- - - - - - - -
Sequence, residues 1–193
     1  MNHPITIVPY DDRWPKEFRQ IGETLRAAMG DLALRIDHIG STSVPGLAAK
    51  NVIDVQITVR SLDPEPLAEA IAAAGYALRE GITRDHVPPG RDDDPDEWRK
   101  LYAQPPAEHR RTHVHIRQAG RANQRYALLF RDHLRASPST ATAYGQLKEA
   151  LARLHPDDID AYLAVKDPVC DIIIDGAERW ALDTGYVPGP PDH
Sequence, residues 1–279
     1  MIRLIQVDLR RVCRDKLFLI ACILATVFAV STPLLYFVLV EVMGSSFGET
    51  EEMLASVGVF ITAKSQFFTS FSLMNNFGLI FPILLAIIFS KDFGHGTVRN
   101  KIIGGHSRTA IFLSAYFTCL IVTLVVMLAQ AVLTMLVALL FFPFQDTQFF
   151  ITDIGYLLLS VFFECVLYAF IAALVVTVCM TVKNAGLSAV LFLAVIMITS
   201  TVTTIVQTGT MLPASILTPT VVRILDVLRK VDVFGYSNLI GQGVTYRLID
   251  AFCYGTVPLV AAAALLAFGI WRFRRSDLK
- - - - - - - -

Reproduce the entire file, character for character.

Sequence, residues 1–193
     1  MNHPITIVPY DDRWPKEFRQ IGETLRAAMG DLALRIDHIG STSVPGLAAK
    51  NVIDVQITVR SLDPEPLAEA IAAAGYALRE GITRDHVPPG RDDDPDEWRK
   101  LYAQPPAEHR RTHVHIRQAG RANQRYALLF RDHLRASPST ATAYGQLKEA
   151  LARLHPDDID AYLAVKDPVC DIIIDGAERW ALDTGYVPGP PDH
Sequence, residues 1–279
     1  MIRLIQVDLR RVCRDKLFLI ACILATVFAV STPLLYFVLV EVMGSSFGET
    51  EEMLASVGVF ITAKSQFFTS FSLMNNFGLI FPILLAIIFS KDFGHGTVRN
   101  KIIGGHSRTA IFLSAYFTCL IVTLVVMLAQ AVLTMLVALL FFPFQDTQFF
   151  ITDIGYLLLS VFFECVLYAF IAALVVTVCM TVKNAGLSAV LFLAVIMITS
   201  TVTTIVQTGT MLPASILTPT VVRILDVLRK VDVFGYSNLI GQGVTYRLID
   251  AFCYGTVPLV AAAALLAFGI WRFRRSDLK